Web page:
DR Congo presidential election: Outcry as Tshisekedi named winner
Opposition candidate Felix Tshisekedi has won DR Congo’s presidential election, electoral officials say.
The announcement, made overnight, sparked accusations of an “electoral coup” from runner-up Martin Fayulu.
France said the figures did not match results collated on the ground by monitors from the Catholic Church.
The ruling party, whose candidate finished third, has not yet contested the result, sparking accusations of a power-sharing deal with Mr Tshisekedi.
It is an accusation Mr Tshisekedi’s team denies.
If confirmed, Mr Tshisekedi will be the first opposition challenger to win since the DR Congo gained independence in 1960. Current President Joseph Kabila is stepping down after 18 years in office.The capital Kinshasa and other key cities appeared calm on Thursday, but fears remain that the announcement of the result could trigger unrest. UN chief Antonio Guterres appealed for all parties to refrain from violence.In the early hours of Thursday the head of DR Congo’s National Electoral Commission (Ceni), Corneille Nangaa, said Mr Tshisekedi had received 38.5% of the vote in the 30 December election and had been “provisionally declared the elected president”.The full results were, with turnout reportedly 48%:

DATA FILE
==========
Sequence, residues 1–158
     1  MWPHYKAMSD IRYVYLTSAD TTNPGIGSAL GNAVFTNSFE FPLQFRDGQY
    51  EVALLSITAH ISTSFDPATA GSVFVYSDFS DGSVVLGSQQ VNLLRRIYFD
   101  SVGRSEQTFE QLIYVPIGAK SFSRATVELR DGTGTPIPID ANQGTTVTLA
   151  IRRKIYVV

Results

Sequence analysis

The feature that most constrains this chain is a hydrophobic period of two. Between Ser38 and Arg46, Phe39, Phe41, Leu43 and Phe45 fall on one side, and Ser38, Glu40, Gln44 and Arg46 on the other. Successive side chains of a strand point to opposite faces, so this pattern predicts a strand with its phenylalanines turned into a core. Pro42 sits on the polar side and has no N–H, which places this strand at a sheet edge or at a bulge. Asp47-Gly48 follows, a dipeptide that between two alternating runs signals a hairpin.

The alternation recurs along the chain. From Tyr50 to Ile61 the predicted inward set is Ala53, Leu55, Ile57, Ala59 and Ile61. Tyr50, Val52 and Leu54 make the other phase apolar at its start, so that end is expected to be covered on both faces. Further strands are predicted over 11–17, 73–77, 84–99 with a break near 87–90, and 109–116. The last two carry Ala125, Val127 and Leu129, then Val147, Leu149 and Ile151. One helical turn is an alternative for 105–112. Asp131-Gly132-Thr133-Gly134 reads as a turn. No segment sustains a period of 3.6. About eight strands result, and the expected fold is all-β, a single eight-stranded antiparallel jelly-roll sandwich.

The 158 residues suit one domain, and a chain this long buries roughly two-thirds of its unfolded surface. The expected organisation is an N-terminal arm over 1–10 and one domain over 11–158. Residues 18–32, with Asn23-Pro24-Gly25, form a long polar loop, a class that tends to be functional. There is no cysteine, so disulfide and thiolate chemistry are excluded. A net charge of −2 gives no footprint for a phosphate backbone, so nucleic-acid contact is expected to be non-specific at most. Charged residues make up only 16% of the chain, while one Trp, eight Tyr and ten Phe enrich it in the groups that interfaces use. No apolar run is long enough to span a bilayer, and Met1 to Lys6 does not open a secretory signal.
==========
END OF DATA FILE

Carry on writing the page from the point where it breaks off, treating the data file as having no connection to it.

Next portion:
Felix Tshisekedi – 7 million votes,Martin Fayulu – 6.4 million votes,Emmanuel Shadary – 4.4 million votes
The result can still be challenged.
What’s the reaction been?
Mr Tshisekedi vowed to be “the president of all DR Congolese”, saying: “No-one could have imagined such a scenario whereby an opposition candidate would emerge victorious.”
He struck a conciliatory tone with Mr Kabila when addressing supporters at his Union for Democracy and Social Progress party headquarters in Kinshasa.
“I pay tribute to President Joseph Kabila and today we should no longer see him as an adversary, but rather, a partner in democratic change in our country,” he said.
A spokesman for Mr Shadary, who had been Mr Kabila’s hand-picked candidate and was expected to win, accepted the defeat, saying “the Congolese people have chosen and democracy has triumphed”.